The ancient Sierras Pampeanas in the central west part of Argentina are a seismically active region in the back-arc of the Andes. Their crystalline basement cored uplifts extend up to 800 km east of the oceanic trench over the flat subduction segment of the Nazca plate. Approximately 40 felt crustal earthquakes, are reported per year for this region. Historic and modern seismicity indicates that the Western Sierras Pampeanas (WSP) have more crustal earthquakes of greater-size than the Eastern Sierras Pampeanas (ESP). Remarkable changes in composition and structure also characterize the WSP and ESP basements. We have quantitatively compared both regions using seismological constrains. A recent regional study of moderate earthquakes shows reverse and thrust focal mechanisms occurring at depths down to 25 km in the WSP. In contrast, the ESP have reverse and strike-slip focal mechanisms of shallower depths (<10 km). A seismic velocity structure of Vp 6.4 km/s, Vp/Vs∼1.80, and thickness 50 km, best represents the WSP crust. The ESP crust is characterized by Vp 6.0 km/s, Vp/Vs < 1.70, and thickness 30 km. These seismological determinations correlate with the interpretation of a different origin for the western and eastern terranes. The WSP show seismic properties indicative of a more mafic-ultramafic thick crust consistent with an oceanic island-arc and back-arc formation. The ESP show crustal seismic properties consistent with a higher silica content and with a formation by the collision of a continental terrane.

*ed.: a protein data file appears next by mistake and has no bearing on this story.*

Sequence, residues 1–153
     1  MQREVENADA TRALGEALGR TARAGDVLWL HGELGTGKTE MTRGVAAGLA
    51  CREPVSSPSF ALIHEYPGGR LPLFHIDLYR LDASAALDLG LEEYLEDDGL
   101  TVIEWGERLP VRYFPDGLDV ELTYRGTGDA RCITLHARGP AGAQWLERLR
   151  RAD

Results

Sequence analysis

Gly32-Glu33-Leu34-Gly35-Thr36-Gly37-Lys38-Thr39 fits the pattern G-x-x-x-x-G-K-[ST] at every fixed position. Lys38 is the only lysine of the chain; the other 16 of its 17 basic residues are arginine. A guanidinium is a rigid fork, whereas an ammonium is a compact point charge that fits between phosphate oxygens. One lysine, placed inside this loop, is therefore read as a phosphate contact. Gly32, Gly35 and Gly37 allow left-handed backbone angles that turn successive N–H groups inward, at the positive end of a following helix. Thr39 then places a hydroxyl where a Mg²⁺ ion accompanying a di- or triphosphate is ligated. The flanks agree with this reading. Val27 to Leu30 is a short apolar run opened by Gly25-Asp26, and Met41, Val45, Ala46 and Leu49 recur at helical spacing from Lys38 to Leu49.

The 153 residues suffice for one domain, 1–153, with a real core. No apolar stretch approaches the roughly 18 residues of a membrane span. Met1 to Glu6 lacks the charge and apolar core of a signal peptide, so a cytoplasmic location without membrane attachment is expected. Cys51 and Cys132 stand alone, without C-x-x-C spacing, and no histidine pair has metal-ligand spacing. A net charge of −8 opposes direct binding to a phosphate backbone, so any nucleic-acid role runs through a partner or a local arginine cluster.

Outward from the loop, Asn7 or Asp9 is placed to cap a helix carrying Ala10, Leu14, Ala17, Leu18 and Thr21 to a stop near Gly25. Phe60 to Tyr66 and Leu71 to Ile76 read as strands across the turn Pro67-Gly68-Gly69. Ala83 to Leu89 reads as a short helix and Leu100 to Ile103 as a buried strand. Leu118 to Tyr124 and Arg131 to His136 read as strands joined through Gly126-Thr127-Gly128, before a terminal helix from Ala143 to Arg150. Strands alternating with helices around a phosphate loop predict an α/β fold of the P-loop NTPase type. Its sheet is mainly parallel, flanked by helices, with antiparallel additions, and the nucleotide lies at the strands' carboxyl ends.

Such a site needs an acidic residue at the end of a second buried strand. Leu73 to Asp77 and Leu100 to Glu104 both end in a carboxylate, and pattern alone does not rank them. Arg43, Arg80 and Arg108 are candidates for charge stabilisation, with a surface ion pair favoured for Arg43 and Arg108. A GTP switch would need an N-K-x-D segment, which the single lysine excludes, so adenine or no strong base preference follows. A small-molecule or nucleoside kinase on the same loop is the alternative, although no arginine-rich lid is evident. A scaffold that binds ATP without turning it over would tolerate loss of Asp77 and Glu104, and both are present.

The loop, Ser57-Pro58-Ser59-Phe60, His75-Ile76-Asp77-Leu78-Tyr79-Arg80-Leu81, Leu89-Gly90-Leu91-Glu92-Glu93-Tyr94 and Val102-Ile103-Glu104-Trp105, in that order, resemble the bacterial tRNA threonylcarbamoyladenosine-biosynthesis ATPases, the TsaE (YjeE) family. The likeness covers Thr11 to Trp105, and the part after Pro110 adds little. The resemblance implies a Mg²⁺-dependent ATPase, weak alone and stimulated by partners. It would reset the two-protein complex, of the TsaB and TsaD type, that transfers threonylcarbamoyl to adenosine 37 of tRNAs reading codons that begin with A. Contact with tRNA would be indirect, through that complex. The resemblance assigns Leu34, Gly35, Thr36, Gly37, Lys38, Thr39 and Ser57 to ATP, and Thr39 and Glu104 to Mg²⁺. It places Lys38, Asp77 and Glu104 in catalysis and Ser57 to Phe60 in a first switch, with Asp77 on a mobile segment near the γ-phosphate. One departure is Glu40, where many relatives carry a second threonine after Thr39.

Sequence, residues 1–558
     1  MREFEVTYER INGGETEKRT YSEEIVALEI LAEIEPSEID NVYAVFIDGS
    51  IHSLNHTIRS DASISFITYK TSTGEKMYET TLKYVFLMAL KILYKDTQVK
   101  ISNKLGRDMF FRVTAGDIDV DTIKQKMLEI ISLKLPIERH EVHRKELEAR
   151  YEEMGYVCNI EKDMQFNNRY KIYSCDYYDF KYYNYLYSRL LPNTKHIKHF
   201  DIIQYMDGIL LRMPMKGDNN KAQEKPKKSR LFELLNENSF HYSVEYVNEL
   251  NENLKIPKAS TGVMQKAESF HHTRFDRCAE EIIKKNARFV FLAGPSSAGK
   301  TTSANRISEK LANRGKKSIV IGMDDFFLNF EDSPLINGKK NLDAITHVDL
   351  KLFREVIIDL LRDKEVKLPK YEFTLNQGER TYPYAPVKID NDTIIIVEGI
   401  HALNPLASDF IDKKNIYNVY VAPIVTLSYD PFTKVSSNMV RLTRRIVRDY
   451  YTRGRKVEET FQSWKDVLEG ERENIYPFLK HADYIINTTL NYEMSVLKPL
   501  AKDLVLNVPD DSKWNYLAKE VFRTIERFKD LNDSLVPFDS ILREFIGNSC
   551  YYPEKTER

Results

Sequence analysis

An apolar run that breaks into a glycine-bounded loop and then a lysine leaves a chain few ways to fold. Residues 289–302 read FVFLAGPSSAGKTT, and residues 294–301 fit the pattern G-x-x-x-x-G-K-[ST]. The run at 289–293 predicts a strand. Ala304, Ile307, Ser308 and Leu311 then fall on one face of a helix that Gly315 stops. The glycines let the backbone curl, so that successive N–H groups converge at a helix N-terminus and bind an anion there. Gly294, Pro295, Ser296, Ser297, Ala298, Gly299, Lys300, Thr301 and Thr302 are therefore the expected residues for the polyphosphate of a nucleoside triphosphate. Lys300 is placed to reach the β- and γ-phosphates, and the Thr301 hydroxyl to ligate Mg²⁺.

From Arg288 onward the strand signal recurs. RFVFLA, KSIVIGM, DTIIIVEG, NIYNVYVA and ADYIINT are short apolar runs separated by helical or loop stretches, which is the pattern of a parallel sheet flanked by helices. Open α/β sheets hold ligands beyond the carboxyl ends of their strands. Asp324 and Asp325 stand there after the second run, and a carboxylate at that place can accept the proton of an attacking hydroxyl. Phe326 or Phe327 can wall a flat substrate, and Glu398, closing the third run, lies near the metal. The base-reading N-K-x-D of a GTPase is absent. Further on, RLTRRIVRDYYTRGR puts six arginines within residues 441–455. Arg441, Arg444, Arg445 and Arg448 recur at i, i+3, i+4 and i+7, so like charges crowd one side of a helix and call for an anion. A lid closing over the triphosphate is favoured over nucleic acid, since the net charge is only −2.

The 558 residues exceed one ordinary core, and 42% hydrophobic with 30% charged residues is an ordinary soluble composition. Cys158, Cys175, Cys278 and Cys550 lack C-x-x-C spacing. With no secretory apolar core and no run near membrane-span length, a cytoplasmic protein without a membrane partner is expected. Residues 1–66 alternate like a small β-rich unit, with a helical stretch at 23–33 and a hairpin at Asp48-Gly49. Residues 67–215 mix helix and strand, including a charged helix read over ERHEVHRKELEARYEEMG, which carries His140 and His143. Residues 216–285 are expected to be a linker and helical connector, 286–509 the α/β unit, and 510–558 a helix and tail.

|Original language||English (US)|
|Number of pages||10|
|Journal||Revista de la Asociacion Geologica Argentina|
|State||Published - 2005|
- Continental crust
- Sierras pampeanas
ASJC Scopus subject areas